With War For The Planet of the Apes now streaming on NEON, Dominic Corry looks at the pioneering performer using technology we now often take for granted – that’s when we’re not praising special effects boffins over the actor’s work.
In the build-up to last year’s Oscar nominations, there was a legitimate – if ultimately fruitless – groundswell of support for the notion that Andy Serkis deserved a Best Actor nomination for his motion-capture performance as Caesar in War For The Planet of the Apes, the stunning conclusion to the groundbreaking rebooted Planet of the Apes series.
A quieter version of the same call went out in early 2004 when The Lord of the Rings: The Return of the King was garnering Oscar momentum. Serkis’ motion-capture performance as Gollum in that film had built upon a technique Serkis more-or-less pioneered in the previous entry, The Two Towers, which had first demonstrated the vast potential for computer-generated characters to be given personality by mapping their movement and expressions onto those of an actor playing the role.
So although it has yet to occur, this progression would seem to suggest that someone will at some point get an Oscar acting nomination for a performance in which you technically can’t see their face, and if there’s any justice in the world, it’ll go to Serkis. Fifteen years after he pretty much invented a new cinematic acting language, he remains its finest purveyor, and those skills have never been more apparent than in War For The Planet of the Apes, in which a digital monkey will make you cry.
Serkis’ first performance as Caesar, in 2011’s Rise of the Planet of the Apes, wasn’t the first time he’d pulled at the audience’s heart-strings playing an ape. He’d, of course, performed the motion capture for the title character in Peter Jackson’s (still) underrated 2005 version of King Kong.
Serkis’ intensive research and superlative physical commitment to the role made the 2005 Kong almost as much of a leap forward as Gollum was.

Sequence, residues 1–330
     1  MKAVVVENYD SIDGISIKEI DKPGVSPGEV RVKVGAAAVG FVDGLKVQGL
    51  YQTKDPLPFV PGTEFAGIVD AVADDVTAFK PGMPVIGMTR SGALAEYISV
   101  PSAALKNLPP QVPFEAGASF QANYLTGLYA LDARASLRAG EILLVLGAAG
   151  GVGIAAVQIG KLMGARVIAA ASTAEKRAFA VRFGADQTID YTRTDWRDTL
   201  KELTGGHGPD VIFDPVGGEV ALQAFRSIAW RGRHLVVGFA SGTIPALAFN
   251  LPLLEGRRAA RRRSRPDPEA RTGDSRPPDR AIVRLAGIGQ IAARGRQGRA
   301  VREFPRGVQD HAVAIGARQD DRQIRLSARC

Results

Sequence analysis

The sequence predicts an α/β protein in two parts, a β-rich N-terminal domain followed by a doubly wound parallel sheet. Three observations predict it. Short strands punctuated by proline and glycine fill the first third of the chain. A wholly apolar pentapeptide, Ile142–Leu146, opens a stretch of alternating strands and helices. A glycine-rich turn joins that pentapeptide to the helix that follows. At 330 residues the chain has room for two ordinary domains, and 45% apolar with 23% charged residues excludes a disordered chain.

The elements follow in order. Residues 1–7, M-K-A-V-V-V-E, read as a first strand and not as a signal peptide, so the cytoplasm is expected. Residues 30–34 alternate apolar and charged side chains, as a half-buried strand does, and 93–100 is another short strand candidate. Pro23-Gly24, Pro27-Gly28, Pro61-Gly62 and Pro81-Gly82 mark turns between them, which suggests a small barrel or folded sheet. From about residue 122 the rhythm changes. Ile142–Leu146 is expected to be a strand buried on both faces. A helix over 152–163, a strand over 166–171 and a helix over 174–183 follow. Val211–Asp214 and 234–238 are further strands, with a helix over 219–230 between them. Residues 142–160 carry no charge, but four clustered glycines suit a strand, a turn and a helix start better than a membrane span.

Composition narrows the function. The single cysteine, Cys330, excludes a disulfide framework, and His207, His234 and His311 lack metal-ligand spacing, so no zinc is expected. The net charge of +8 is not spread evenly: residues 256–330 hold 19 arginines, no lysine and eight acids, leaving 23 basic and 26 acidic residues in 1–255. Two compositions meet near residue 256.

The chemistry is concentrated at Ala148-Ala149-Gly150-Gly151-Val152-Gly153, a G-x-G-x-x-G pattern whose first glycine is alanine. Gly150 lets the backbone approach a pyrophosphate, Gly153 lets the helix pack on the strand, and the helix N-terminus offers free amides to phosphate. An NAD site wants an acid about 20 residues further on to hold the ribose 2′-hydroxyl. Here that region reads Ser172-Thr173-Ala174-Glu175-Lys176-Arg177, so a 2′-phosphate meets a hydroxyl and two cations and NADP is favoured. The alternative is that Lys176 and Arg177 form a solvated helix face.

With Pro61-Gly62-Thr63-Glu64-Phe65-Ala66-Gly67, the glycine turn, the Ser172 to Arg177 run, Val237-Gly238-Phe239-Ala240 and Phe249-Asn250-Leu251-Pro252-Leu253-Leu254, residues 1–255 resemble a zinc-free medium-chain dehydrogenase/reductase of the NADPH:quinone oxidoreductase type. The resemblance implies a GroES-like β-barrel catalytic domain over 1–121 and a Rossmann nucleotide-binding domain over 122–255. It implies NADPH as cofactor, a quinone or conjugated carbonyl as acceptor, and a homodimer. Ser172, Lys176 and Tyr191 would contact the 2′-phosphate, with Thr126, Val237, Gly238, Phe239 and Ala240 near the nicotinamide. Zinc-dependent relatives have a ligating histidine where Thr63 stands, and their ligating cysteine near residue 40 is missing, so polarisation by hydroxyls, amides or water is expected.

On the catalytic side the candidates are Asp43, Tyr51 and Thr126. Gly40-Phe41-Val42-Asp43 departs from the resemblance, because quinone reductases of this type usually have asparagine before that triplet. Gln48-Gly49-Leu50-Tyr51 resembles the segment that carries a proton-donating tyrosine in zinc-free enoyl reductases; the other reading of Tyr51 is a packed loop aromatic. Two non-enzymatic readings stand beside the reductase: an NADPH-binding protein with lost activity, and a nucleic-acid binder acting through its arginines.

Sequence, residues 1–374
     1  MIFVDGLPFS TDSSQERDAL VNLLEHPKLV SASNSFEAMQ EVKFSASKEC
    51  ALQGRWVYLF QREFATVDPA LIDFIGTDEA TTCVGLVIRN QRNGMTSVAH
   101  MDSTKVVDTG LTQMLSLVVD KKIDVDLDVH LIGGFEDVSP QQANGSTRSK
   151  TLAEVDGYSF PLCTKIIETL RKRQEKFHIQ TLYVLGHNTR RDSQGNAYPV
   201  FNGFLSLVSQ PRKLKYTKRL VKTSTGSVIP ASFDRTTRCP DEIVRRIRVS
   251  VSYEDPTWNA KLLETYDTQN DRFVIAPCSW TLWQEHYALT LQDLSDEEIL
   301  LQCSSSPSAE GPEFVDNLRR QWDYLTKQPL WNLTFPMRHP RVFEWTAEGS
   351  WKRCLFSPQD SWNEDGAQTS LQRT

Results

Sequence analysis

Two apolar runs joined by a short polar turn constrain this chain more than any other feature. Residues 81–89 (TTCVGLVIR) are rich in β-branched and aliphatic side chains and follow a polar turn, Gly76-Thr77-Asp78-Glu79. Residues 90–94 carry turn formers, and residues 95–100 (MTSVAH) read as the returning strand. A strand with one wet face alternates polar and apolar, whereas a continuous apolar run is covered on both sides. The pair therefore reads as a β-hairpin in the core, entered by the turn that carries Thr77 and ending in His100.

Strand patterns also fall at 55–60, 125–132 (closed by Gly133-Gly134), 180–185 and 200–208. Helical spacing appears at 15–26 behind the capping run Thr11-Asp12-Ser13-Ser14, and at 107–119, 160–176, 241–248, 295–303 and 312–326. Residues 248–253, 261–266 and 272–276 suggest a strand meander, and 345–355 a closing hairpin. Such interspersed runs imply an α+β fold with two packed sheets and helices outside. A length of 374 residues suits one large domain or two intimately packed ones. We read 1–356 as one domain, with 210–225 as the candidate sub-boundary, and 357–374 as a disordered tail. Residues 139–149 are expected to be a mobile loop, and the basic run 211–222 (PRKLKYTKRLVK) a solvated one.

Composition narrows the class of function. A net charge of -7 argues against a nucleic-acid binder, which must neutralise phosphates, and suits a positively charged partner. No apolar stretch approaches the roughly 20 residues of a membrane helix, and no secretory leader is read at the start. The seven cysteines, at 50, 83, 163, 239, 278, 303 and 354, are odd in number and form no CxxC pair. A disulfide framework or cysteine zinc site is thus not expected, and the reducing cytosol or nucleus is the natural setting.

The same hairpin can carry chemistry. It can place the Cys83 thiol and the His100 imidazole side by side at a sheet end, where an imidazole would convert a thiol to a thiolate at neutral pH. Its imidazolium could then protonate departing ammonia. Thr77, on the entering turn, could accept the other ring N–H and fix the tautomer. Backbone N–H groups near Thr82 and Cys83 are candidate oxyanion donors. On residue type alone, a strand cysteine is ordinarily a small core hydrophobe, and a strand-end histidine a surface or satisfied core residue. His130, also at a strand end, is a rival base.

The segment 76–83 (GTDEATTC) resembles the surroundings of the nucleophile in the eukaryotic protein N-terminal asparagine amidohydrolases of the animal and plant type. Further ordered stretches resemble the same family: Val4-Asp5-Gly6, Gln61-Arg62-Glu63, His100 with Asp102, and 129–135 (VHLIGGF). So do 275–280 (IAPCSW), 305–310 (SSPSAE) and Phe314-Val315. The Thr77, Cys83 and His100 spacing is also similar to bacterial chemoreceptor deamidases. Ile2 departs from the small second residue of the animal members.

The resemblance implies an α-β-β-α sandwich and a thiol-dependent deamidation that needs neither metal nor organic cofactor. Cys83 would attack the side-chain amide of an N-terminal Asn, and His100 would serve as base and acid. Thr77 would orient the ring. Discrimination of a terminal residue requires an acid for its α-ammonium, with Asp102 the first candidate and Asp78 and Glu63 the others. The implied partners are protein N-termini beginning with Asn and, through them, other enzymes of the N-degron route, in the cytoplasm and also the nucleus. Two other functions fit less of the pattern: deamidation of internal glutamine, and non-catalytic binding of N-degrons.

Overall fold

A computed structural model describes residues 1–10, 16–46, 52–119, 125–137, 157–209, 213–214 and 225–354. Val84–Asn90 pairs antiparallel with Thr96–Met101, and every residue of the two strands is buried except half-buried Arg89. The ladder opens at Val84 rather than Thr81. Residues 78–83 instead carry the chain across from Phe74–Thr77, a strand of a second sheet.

His status as the world’s premiere motion-capture performer is driving his next project as well, a big-budget, motion-capture-centric adaptation of The Jungle Book titled Mowgli to differentiate it from the recent Disney hit.
In addition to directing Mowgli, Serkis is performing the motion capture for Baloo the bear and is overseeing an all-star cast as the rest of the jungle creatures.
While Serkis is unquestionably the top motion-capture performer in the business, he’s not the only one. As the form he helped establish has become more widespread, it has necessitated the rise of other repeat mo-cap performers, and they’re pretty much all in War For The Planet of the Apes.
Toby Kebbell, probably best known for on-camera roles in the recent Fantastic Four and Guy Ritchie’s RocknRolla, is magnificent in Dawn of the Planet of the Apes as the nefarious Koba. He also mo-capped the most prominent Orc in Duncan Jones’ Warcraft: The Beginning, which for all its perceived faults, featured some pretty amazing mo-cap effects, especially in regards to Kebbell’s character Durotan.
Both Notary and Kebbell are credited with performing motion-capture for the title character in Kong: Skull Island and both men would seem to bring different skill sets to the motion-capture arts.
Kebbell, like Serkis, comes from the world of traditional acting, while Notary was a gymnast and circus performer.
It’s worth noting in this context the stunning performance Notary gave in the recent art world satire The Square, in which he played a performance artist behaving like an ape to torment snooty art world patrons at a posh dinner. It’s probably the closest thing to an “on screen” motion-capture performance we’ll probably ever see.
While Notary and Kebbell are Serkis’ closest peers, Steve Zahn should also be cited for his stellar work as Bad Ape in War. It would be cool to see him do something else in this realm. If Serkis is busy.
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